CHENNAI: “Remember the exposition of Narsinh Metha’s wonderful rendition ‘Vaishnava Janato’, where the true meaning of the word ‘Vaishnav’ was listed,” said Justice V Ramasubramanian, to the two groups of Vaishnavas, while deciding on a petition seeking to close the main gate of Arulmigu Devanatha Swamy Temple in Cuddalore, during the procession of deity of Manavala Mamunigal.
The matter relates to a dispute between the Vadakalai and Thenkalai sects of Vaishnavaits of Arulmigu Devanatha Swamy Temple in Thiruvanthipuram of Cuddalore district. It is a custom for the Thenkalai sect to take out a procession of their deity Manavala Mamunigal chanting Divya Prabandham, after lighting camphor in front of the temple during the temple festival, which falls on Sunday this year. But the Vadakalai sect wanted to close the doors of the main entrance of the temple during the procession as per their belief. But the Hindu Religious and Charitable Endowment (HR&CE) Department refused permission to close the door through an order dated September 29, 2014.
Aggrieved by the order of the commissioner, of the HR&CE Department, the petitioners, T S Kannan, R Mukundan and Prasad Saranathan, belonging to the Vadakalai sect, moved the Madras High Court seeking to quash the order and provide police protection, and maintain law and order during the procession of Manavala Mamunigal idol.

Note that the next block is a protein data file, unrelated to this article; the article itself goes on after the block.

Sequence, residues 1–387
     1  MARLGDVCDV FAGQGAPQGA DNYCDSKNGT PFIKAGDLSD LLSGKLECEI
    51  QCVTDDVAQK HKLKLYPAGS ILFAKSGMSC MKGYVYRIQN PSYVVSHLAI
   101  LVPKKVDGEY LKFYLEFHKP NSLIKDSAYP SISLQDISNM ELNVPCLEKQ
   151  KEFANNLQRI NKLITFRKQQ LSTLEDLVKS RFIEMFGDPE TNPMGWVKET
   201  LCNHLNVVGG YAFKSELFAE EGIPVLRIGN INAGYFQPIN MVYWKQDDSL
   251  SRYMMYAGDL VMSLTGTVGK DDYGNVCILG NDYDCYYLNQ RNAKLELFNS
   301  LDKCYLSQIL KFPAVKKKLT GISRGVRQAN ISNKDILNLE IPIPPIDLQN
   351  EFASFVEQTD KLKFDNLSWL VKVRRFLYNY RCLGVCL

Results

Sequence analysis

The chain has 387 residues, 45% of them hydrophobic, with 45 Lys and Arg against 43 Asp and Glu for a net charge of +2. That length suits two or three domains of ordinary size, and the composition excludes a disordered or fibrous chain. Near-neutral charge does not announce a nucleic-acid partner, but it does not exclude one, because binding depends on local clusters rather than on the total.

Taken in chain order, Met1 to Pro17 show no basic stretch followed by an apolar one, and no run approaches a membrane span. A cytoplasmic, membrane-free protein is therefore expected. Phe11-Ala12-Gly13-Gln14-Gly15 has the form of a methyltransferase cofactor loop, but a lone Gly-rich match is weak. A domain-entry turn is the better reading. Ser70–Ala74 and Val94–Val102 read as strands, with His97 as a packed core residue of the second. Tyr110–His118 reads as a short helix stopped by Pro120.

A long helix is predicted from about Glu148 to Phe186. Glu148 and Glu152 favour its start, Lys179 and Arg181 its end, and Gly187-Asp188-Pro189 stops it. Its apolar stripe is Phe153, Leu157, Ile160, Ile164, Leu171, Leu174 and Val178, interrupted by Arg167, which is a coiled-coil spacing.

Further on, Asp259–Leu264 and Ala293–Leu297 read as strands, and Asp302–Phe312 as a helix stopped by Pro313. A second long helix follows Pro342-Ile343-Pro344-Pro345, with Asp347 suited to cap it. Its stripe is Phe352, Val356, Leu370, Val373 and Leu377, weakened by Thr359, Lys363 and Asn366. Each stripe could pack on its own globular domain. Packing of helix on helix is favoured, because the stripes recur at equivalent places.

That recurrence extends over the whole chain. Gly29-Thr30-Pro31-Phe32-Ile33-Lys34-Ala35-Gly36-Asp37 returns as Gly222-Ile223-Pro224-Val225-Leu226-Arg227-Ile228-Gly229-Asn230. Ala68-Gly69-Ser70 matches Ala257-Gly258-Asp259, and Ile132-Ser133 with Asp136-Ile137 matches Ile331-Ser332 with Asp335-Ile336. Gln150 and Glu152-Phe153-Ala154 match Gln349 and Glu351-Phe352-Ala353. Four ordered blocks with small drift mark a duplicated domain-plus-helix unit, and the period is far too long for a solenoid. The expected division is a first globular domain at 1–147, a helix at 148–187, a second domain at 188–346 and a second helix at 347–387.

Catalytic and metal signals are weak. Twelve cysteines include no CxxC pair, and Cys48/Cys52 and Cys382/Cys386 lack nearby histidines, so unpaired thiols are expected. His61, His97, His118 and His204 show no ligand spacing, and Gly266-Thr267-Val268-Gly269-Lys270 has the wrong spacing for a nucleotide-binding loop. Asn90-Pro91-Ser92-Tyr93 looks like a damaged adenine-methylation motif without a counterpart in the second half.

Observing that, even as per the sastras, the doors to the entrance of a temple, constructed as per the Agamas, cannot be closed except during fixed hours and during certain inauspicious times. Justice V Ramasubramanian ruled that the doors of the main entrance cannot be closed during the procession of deity of Manavala Mamunigal and directed police to give necessary police protection.
The Justice further said, “The processionists shall not light camphor when the deity passes through the temple. But, it is neither fair, nor possible to prohibit the processionists from chanting Divya Prabandhams and stopping for a few minutes in front of the temple, since it happens to be a public road.”